Reflections On Q25’s Innovative Solutions in 190H

As Cohort 25’s first taste of QUEST is two-thirds over, I’d like to take a second to reflect on the amazing projects we’ve worked on so far in 190H. Over the span of just 11 weeks, teams have completed both an atoms-based and bits-based project. While it has been challenging and fast-paced, when I actually pause to look back on what we’ve all accomplished, it’s incredible. At first, when I was introduced to both the atoms-based and bits-based projects, I thought to myself: “If I had a good idea, I would’ve already dropped out and been a millionaire.” But that’s the beauty of QUEST. Throughout our time in 190H, we’ve not only come up with awesome projects, but have also learned tremendous real-life tools that facilitate the process. Brainstorming is more than just throwing down bullet points on a piece of paper, and planning out a project is more than just saying you’ll do it before the deadline.

To be able to say that I’m in the same cohort as some of my peers and that I saw the evolution of their projects firsthand is insane. I’m pretty proud to be a part of Q25 and I wanted to share some of the awesome projects that have been created so far with the rest of the QUEST community.

First off, the atoms-based project: our introduction into the world of QUEST. Here, we were told to create an atoms-based solution to a problem that college students face. The result had to be something physical that you could drop on your foot. Easy enough, right? Well, after watching the atoms-based presentations, you would’ve thought so. Projects ranged from sound-proofing tapestries for dorms, water bottles that track how much you drink, a light-up crosswalk and driving wheel cover that would alert drowsy drivers, and pillows and mattresses designed to wake-up dorm students without waking up their roommates.

Christy Cwieka, a bioengineering major from Team Armstrong Strongarms, said: “Our team developed the Shake N’ Wake, an alarm clock that ensures customers get out of bed as opposed to merely turning off the alarm and waking up at a later time. We created a mattress pad containing a pressure sensor that would tell if the user was still on the mattress even after the alarm went off. This secondary check gives feedback to the alarm and tells it to continue ringing if the user does not get out of bed or if the user does not stay out of their bed for five consecutive minutes. We also created the silent alarm feature by using vibrating disks connected to the pressure sensor so that the user will be woken up by vibration instead of sound and therefore not cause a disturbance for anyone else sleeping in the room.”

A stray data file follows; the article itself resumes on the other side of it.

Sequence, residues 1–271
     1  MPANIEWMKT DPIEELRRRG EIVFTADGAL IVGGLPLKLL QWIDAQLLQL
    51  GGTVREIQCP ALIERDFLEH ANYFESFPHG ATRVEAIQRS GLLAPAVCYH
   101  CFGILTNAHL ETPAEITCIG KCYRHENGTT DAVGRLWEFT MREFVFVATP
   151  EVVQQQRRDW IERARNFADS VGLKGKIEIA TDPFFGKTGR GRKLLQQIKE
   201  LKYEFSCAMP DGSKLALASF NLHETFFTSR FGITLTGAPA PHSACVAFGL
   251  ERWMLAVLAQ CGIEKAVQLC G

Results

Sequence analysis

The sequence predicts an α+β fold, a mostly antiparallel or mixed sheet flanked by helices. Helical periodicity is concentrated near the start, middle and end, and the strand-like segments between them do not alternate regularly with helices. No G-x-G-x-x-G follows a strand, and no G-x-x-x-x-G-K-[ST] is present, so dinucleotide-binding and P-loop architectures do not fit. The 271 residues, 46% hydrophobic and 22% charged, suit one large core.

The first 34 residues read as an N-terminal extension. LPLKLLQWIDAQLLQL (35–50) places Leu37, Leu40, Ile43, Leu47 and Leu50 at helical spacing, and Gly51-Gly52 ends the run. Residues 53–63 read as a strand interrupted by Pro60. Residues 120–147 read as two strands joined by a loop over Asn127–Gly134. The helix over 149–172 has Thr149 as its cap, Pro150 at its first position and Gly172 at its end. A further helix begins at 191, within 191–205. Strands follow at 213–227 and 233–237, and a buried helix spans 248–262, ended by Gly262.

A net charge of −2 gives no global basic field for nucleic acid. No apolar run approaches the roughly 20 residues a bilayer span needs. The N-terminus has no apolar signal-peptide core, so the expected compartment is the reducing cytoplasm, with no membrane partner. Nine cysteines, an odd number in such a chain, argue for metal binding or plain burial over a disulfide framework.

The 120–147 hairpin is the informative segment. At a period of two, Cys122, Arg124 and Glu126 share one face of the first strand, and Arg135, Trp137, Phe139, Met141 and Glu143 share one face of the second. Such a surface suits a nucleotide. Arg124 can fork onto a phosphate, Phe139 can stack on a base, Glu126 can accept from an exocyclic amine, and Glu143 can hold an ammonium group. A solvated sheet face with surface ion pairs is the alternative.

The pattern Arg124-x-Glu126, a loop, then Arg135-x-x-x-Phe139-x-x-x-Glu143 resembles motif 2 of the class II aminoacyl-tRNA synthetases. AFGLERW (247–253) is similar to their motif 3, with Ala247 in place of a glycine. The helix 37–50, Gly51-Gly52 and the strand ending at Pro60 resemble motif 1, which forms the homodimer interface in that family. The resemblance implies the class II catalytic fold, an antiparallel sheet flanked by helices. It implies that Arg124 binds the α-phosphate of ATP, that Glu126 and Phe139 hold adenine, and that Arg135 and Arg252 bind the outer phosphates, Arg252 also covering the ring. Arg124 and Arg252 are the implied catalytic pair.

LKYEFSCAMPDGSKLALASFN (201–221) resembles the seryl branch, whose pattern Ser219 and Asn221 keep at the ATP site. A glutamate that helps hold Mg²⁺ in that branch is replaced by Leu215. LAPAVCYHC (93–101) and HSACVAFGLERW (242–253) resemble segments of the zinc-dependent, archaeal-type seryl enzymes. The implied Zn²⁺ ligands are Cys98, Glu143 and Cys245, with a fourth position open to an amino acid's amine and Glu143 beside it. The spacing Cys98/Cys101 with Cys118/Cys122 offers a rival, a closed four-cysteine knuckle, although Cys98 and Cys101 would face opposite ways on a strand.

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Here is a picture of the inside of Team Armstrong Strongarm’s prototype.

Sanjay Tohan, a finance and information systems double major from Team Straight Outta QUEST, describes his team’s product, The Lavaggio. “The Lavaggio is a two-in-one washing and drying machine that washes and dries clothes individually. Like a car mat cleaner at the car wash, you slide your article of clothing through the top, and it comes out of the bottom cleaned and dried. Never again will you have to wait to have a full load ready to just wash one article of clothing.”

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Prototype of The Lavaggio

In less than 3 weeks after completing our atoms-based projects, Q25 completed and presented our bits-based creations, apps or websites designed as solutions to a problem. I can speak for everyone when I say I never thought I would be able to complete this project in just three weeks during the heat of midterms. However, of course, in typical QUEST fashion, we all not only completed our projects, but exceeded expectations. Here, projects included apps to help users find the most convenient and accessible parking on college campuses, pregnant mothers to monitor their health and pregnancy, and students to organize club activities on campus.

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Team QUEST In Peace’s Wireframe

Pranav Khatri, a computer science major from Team QUEST In Peace describes his team’s application. “Our application is aimed at getting people more involved in politics. Initially, users take a survey, which allows our app to find out one’s preferences. These responses and preferences are used to filter articles specifically catered to what they are interested in. Our hope is to increase interest and knowledge of politics and current events.”

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Team QUESTateer’s wireframe

Alston Kau, a bioengineering major, helped his team, the QUESTateers, create HotSpots, “an application that allows anyone, from novice to expert bar-goers, to access crucial information about local bars before heading out. Additional features of HotSpots include the crowdedness of the bar, a favorites option, a list of deals for each bar, and a map view.”

Just two-thirds of the way through 190H, QUEST has been an amazing experience thus far. Seeing what some of my peers and even my own group have come up with has been mind-blowing. Seeing how we have determined creative solutions to so many problems and the process that we have used to go about it makes me very optimistic and excited to see what we will accomplish in the future.

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